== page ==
A study by the University of Cambridge in the UK has found a way to split water into oxygen and hydrogen by mimicking photosynthesis in nature. The approach is scalable, so it is great for usage worldwide, as it both collects and stores energy in a much bigger way. This one looks like an interesting advance.
In banking, technology and customer behavioral changes are driving changes to branches. Today though, most community bank branches have regular hours, but customers not so much. So, while one branch might have a steady daily stream of customers lining up for tellers, another might have lonely stretches with nary a client in sight. But, regardless of how much business a branch conducts, fixed costs can be similar.
In an era of rising costs, it can be tempting to look at an underused branch and consider reducing hours as a cost-saving measure. Before you do, think about whether the money you save might be offset by lost sales and inconvenienced customers.
That's not to say that an underused branch can't have its hours of operation trimmed, of course. But, such changes must be done carefully, preferably with the help of some predictive analytics. By systematically analyzing branch usage patterns, your bank can get a more complete picture. This is true not just of periods when very few customers visit, but also of the impact that reducing hours might have on sales and customer satisfaction.
The trick is to avoid potential pitfalls when a branch reduces its hours. A few of the more significant traps to watch for: focusing on teller transactions while ignoring other measures of sales; potentially downplaying the needs of your small business owners; and even failing to take into account operating hours of nearby competitors, who might siphon off customers if your branch reduces hours.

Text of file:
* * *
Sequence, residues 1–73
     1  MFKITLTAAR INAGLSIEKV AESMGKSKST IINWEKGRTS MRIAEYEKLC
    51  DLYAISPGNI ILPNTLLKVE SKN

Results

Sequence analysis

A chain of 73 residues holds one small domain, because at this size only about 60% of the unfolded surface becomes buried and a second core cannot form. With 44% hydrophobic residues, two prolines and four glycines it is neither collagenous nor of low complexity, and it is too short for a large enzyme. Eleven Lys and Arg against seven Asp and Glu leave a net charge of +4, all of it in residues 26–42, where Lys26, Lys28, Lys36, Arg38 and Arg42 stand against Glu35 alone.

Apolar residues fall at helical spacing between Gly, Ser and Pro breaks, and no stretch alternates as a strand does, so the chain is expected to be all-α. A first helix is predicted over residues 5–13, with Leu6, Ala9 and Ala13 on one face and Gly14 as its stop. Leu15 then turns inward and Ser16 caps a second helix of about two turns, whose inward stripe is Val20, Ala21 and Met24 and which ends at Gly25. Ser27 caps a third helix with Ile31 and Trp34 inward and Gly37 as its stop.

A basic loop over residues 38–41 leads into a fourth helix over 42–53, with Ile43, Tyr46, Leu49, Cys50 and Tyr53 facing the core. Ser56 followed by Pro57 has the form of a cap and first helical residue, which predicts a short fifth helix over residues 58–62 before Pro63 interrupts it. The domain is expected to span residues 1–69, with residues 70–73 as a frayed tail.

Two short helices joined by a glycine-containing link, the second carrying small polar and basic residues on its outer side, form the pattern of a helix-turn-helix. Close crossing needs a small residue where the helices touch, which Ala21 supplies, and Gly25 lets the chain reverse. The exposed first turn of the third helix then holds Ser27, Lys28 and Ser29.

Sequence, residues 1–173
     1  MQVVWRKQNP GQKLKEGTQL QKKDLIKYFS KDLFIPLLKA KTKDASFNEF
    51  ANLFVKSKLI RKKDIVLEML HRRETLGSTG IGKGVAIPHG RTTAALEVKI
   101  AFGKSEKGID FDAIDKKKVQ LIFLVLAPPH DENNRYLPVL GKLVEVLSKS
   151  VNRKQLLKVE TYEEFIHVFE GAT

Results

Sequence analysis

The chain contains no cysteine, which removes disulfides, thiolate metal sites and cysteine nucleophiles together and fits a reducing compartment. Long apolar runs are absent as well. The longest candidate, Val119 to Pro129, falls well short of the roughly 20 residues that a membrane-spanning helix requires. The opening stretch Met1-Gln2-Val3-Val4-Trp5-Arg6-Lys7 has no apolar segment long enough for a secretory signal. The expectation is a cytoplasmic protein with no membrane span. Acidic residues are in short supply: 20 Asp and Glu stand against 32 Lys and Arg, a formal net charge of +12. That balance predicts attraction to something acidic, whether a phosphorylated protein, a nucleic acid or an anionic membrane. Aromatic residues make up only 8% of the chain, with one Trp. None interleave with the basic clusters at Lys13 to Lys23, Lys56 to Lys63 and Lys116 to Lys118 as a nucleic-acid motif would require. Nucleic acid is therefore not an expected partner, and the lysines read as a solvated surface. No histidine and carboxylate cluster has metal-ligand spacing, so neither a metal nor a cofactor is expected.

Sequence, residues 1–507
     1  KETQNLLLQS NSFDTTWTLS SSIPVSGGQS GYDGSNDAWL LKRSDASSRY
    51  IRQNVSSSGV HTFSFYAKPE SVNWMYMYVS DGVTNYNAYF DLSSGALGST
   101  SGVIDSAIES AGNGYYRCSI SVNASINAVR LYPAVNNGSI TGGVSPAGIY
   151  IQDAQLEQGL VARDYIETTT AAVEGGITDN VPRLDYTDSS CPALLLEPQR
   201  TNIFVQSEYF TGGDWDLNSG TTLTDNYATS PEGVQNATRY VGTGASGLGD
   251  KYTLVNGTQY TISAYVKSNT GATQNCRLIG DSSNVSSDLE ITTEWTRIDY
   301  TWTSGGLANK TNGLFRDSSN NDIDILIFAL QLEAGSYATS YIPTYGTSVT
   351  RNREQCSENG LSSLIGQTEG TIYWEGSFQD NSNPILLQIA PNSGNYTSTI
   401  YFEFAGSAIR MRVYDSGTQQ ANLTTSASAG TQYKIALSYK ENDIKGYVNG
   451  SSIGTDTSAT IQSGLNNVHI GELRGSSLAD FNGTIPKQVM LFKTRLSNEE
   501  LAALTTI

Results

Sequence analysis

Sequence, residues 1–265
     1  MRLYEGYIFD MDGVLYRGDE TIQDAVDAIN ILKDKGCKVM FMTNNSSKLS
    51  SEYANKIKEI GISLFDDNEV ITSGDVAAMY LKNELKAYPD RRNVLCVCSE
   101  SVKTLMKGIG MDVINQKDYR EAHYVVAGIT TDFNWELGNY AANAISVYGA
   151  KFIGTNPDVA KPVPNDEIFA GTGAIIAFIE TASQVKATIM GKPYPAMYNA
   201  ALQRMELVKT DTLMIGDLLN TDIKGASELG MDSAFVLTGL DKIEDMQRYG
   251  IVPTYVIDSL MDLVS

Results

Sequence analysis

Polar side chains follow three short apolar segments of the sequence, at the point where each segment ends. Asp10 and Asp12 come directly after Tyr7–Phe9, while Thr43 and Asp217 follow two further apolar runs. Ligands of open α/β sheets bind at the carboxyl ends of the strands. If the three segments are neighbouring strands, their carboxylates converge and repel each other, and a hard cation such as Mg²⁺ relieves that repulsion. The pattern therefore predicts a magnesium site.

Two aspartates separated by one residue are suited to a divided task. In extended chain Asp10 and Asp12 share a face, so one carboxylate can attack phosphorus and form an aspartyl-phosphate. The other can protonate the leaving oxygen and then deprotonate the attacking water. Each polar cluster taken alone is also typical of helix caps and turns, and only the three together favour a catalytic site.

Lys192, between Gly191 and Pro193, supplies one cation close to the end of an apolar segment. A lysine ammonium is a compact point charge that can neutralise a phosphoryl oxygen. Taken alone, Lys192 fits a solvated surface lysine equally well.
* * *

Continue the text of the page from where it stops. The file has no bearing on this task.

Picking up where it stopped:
Demographics will likely play an important role in your analysis as well. Some neighborhoods may be more active on weekends, others on weekdays. One day may be high-traffic, but produce few sales; another day might have less traffic but produce more sales. Once you discover patterns, delve further to find explanations for them to better tailor branch hours and keep your customers happy.
One key consideration when analyzing operating hours is branch sales. If you have good data on sales by day and hour, this can help determine how much of an impact reducing hours might have on sales. Ultimately, you will need to calculate whether any operational savings from fewer hours will offset potential lost sales.
The last part of the process is easy: repeat. One analysis gives you a snapshot in time, but keep in mind that times continually change. It is critical to regularly revisit the question of branch hours and to collect detailed data over time. Then, you can adapt as customer habits and demographics change.
We hope we have given you some things to think about when considering reducing hours in a branch. Optimizing branch hours is an effective cost-saving exercise. It is easier said than done, of course, but practice makes perfect, so keep trying. Refining your branch hours and locations can definitely be worth it.